But back to our winner! We asked the project creator, Russel Chichester to tell us a bit more about his project to help provide kids with better tools to navigate their career and this is what he had to say…
What’s your project all about: It’s about giving young people a head start in life by exposing them to the best advice possible though a career exploration workshop hosted by the Career Exploration Club. For most high school students, deciding on a future career path and on a University/ College program can be an intimidating and nerve-wracking experience. Most students get to Grade 12 still unsure what career path is right for them. There are many career options out there, but no criteria/method to help them determine why one career path is better suited for them than another. With the Awesome Foundation money we will be able to put on a full eight week workshop for our graduating class through the Career Exploration Club.
What will this mean for your students: These students are in the process of making life changing career decisions and for the majority of them, as first generation Canadians, don’t have or understand the resources available to them to make these decisions. This grant will really help them out.
If anyone else wants to find out more or help out, how can they get in touch: You can always visit our website http://schoolweb.tdsb.on.ca/emeryci/Home.aspx, our contact information is there as well.
A little late in sharing this Awesome project with you all, but better late than never – especially with this one. In December 2013 we decide to award our last grant of the year to help Laura Inglis revive and revamp an unused library in the school where she teaches in Scarborough. We were touched by her personal commitment to build a new space for learning, play and imagination where there was nothing but potential. In the past month she has transformed that space into just that. It so exciting to see projects come to life with as much vigour and speed as this one, and it goes without saying that we all feel fortunate to be associated with her commitment to her kids. They even sent us a thank you letter recently!! XO
Robots. Fire. Drones. Lasers. 3D printers. The Toronto Awesome Foundation will be teaming up with the Toronto Mini Maker Faire for our September 2013 Awesome pitch event and grant. If you call yourself a “Maker” we want to hear about, and hopefully fund your Awesome idea, hack or invention with a $1000, no strings attached grant. The Mini Maker Faire will be held at Wychwood Barns on September 21-22 and our pitch event will be going down at 4pm on Saturday the 21st. Even if you do not submit an idea (which is unlikely because you are awesome) we would love to see you at this ridiculously fun event. Please visit MakerFaireToronto.com for more info.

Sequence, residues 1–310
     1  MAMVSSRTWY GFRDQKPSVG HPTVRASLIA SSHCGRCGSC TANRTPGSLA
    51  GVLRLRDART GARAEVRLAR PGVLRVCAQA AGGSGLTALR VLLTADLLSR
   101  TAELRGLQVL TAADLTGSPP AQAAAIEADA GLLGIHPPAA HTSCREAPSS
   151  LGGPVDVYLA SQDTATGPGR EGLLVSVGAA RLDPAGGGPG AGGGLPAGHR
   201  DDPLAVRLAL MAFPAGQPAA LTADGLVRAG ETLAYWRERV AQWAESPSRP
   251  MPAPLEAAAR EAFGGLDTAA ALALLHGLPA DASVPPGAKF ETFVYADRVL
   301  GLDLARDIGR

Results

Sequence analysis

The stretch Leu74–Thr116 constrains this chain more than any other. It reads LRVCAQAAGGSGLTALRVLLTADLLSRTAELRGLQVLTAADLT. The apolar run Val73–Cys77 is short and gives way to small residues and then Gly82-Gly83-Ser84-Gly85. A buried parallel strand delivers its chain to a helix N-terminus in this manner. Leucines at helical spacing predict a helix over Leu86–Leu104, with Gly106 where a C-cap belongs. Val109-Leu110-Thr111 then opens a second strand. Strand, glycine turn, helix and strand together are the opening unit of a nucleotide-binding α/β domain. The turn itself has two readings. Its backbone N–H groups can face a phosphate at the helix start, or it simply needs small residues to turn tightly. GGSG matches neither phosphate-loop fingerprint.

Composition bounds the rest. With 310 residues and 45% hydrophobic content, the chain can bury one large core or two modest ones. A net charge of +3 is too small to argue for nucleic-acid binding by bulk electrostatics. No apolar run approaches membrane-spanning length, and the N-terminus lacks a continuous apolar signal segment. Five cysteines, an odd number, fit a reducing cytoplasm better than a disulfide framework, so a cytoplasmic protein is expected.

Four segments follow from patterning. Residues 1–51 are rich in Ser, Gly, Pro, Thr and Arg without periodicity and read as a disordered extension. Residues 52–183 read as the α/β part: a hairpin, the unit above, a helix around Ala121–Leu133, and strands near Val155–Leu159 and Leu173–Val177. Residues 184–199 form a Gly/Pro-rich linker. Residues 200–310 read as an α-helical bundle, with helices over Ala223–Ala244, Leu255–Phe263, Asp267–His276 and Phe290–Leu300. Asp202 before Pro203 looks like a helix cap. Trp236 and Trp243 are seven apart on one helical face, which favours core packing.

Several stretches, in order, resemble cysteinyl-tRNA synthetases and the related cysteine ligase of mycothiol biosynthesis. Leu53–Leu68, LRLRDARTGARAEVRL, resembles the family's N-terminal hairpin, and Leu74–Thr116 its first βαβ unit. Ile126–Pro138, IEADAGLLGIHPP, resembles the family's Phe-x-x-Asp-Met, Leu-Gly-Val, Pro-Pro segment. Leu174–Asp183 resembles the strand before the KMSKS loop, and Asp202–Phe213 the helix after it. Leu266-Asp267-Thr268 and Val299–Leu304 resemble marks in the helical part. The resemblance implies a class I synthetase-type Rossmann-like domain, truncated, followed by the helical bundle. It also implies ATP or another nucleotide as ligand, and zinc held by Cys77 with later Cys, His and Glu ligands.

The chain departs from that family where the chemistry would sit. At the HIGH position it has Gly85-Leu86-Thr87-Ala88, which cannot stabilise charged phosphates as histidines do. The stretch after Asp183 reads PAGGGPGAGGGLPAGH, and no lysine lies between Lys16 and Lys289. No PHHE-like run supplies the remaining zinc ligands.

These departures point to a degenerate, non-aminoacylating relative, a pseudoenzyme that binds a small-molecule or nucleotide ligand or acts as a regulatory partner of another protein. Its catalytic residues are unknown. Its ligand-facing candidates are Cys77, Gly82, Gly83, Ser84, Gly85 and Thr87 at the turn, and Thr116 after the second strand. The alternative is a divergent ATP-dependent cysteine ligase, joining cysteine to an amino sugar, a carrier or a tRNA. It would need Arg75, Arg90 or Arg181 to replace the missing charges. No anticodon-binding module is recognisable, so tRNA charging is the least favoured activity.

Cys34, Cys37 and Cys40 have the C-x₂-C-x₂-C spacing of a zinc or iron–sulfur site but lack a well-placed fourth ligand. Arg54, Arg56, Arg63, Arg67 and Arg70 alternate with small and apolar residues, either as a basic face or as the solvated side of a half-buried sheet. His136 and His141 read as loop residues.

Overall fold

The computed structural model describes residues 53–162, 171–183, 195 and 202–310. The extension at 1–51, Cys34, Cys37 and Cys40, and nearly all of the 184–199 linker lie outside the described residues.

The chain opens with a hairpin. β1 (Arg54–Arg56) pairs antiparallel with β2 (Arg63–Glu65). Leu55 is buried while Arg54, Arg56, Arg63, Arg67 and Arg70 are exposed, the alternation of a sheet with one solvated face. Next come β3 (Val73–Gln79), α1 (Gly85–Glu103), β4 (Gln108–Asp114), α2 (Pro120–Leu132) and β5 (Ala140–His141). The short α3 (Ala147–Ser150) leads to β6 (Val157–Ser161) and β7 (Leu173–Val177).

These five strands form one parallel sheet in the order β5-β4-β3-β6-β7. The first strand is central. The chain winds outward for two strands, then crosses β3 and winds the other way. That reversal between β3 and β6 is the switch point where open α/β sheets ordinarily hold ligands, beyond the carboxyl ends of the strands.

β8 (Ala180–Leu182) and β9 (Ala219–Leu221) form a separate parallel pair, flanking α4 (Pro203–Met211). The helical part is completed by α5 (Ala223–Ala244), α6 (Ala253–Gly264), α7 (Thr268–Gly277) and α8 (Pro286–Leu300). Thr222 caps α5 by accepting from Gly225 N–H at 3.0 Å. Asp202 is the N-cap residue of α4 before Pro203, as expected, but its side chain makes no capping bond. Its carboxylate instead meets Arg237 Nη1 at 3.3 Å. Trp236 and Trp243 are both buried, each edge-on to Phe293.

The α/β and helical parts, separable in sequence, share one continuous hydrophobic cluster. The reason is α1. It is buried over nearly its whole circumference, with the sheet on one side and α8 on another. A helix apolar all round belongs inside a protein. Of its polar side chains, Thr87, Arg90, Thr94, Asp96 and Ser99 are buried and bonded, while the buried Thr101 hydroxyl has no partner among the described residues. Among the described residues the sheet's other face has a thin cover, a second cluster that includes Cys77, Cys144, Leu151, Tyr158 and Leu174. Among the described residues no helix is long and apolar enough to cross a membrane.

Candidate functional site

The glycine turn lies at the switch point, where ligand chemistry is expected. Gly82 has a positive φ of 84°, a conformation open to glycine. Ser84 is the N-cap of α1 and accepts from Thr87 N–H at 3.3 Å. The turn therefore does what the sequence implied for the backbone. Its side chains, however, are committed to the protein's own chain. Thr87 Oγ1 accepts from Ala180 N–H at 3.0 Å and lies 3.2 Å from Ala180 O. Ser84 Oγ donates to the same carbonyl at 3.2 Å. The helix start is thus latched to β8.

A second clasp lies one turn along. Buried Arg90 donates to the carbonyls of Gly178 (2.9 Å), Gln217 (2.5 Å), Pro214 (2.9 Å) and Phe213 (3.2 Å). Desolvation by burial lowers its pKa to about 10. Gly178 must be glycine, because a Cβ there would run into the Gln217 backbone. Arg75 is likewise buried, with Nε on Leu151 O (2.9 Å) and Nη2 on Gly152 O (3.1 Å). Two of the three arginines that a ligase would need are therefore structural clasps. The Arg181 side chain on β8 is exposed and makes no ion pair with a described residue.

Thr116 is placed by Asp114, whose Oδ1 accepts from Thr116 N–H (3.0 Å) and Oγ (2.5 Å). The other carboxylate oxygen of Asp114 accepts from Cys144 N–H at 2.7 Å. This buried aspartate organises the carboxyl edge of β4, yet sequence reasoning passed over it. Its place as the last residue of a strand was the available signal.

Please be sure to submit your awesome idea, and reference “Maker Faire” in the project description so we know to consider your idea in association with the Maker Faire grant. The deadline is Sept 15th, we’ll let you know if you’re selected for the shortlist shortly thereafter!
Want to attend the faire? Maker Faire has given us a discount code for 20% off tickets!
Lets “Make” some Awesome!
1) Congratulations! What’s your project all about?
My project is about creating a very unique teeter-totter which will be mainly constructed out of recycled, repurposed, and scavenged materials. My main interest in this project is for it to have the ability to crowd surf throughout Toronto communities, where the piece will stay for monthly increments at various host sites – free of charge. Additional focus will be put on carving various #tags and related social media indicators onto the piece. This attention to detail will help direct the viral flow of images and messages from those who visit and interact with the teeter totter. Ideally I am attempting to create a Nomadic Micro Monument.
2) Did you have wonderful experiences with teetertotters as a kid? What makes you keen on bringing this type of joy to Toronto?
I certainly did enjoy my time spent in playgrounds as a young child. But more so, I have always been interested in building interactive objects and forts to have fun with. The project embodies many ideas into the one object but with those considerations aside, I can confidently say that my desire to create the #teetertotter simply appeals to my pure-hearted intentions of spreading intrigue and joy throughout Toronto.
3) How can people get in contact with you if they want to help out?
I will be producing a website to host maps, links, contact forums, etc. to the #teetertotter project. For now, information will largely be designated to a specific (#teetertotter) section of my www.ArtHappens.ca page.